Hey _gal, that is the 64K question (or should I say 401k question). Earnings looks like the tortoise to me, very slow and steady... "frothy" is not anywhere to be found in the filings, although I agree with the "unplanned" separation hypothesis. Any bookkeeping/scandal based reason for the exodus would indeed be very bad. However, this company's books are about as plain vanilla as it gets. Also, David Pointer has a reputation for being a straight shooting, stockholder focused guy, but ya never know...
All we got to go on is:
1) The tone of Scotty's bye bye, which sounded to me like somebody who got their feelings hurt and defensive. was he fired? was his results below expectations? was there a buyout discussion that fell short of what he felt his years of effort were worth? did he #$%$ off a very important client? personal issues?-- time will tell, but whatever it was, a few old-timer board members agreed with him and left with all of their out of the money options. board room politics or omen of big undisclosed problems?
2) This is clearly David pointer's company. He brought an interesting choice onto the board last year... lee keddie, a guy who took a "this stage company" and grew it 8 times the size in a few years. was there a new direction/power sharing disagreement? --a more likely scenario to me. more telling is lee is now the interim ceo guy
3) Full year earnings and revenue should be the best in years. organ procurement business seems poised for explosive growth.
4) Its been 10 days since the flush out and no news. could a super bad thing be kept out of the news this long? no perp walks, lawsuit filings, leaks, short squeeze assault.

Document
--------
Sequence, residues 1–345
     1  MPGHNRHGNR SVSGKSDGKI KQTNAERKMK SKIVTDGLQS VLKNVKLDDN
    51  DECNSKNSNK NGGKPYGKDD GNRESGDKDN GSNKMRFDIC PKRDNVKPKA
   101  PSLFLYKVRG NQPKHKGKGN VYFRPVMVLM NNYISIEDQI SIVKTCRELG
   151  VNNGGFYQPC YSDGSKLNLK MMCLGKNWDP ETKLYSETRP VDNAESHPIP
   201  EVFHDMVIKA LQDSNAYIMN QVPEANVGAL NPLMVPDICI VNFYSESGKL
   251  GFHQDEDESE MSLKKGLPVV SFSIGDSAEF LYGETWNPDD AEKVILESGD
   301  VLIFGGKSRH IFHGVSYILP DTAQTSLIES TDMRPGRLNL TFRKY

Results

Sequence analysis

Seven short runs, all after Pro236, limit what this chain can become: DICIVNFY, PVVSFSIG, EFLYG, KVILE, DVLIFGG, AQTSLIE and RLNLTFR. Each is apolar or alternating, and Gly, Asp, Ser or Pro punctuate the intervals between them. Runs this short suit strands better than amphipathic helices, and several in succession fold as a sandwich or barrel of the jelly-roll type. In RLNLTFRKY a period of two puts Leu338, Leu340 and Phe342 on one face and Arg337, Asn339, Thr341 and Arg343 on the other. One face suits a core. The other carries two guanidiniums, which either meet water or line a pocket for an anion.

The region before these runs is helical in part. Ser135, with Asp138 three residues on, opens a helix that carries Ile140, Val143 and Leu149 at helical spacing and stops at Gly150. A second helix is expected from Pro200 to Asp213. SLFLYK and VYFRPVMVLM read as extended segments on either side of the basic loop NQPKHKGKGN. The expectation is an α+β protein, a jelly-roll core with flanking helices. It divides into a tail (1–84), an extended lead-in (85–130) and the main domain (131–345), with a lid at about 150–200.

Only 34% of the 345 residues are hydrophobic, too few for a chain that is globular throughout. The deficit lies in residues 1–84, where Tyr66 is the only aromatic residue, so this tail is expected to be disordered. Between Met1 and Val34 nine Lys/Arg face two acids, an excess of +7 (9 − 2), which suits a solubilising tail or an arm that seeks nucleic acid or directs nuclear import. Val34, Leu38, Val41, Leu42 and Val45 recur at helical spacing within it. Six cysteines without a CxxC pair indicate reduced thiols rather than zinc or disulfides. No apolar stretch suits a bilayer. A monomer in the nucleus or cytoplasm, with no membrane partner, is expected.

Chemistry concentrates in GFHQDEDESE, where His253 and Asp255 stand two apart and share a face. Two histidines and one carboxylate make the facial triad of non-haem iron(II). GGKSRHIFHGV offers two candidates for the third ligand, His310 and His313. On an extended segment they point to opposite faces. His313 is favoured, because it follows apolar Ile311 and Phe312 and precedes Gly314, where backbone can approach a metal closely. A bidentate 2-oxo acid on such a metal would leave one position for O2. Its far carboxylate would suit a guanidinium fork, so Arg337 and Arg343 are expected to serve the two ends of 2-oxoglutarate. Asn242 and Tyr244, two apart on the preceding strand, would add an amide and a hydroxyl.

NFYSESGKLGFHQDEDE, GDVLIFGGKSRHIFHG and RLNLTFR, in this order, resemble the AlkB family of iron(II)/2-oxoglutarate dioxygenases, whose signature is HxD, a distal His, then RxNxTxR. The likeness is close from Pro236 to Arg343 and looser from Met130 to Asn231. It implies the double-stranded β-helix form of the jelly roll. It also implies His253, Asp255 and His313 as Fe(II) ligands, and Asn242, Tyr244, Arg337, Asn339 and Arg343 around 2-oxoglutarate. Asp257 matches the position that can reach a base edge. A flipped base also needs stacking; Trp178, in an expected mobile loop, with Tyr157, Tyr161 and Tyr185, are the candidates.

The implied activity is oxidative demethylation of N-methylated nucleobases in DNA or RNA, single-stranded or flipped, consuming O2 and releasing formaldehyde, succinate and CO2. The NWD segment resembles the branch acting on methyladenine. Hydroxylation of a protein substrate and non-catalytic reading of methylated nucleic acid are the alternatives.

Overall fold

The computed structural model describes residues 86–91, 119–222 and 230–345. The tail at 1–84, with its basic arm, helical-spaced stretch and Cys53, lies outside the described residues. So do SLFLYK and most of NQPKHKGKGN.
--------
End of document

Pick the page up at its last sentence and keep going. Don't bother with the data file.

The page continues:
Mr. Lee Keddie joined the board in October 2014. Mr. Keddie transformed HKX Inc., a hydraulic components startup, from $1.8M revenue and 12 people, to a nationally recognized niche market leader with $18M Revenue, 55 employees, and 24% free cash flow. He built a sustainable competitive advantage, leveraging technology, systems and leadership to produce a highly scalable business model with Gross Margins above 50%. Prior to his business leadership roles, Mr. Keddie spent over 8 years as an Aerospace Engineer in both the Commercial and Military sectors of the Aircraft Industry at Boeing, McDonnell Douglas, Bombardier, Learjet and Qantas Airways in Australia. He is a professional engineer and received a Co-op Mechanical Engineering Degree from the University of Waterloo, and spent two additional years at the University of Toronto in Aerospace Studies. Mr. Keddie is a pilot and a member of the Experimental Aircraft Association.
His plan was good but his pace of execution was slow (, but steady). David certainly had a plan in mind when he brought all the company's bank notes and non-common shares. Would seem that Scott's growth pace was unacceptable to David...
Will be interesting to see if his next moves are beneficial to shareholders or just his financial consortium. His track record would suggest the former while any seasoned penny stock investor has reason to fear the latter.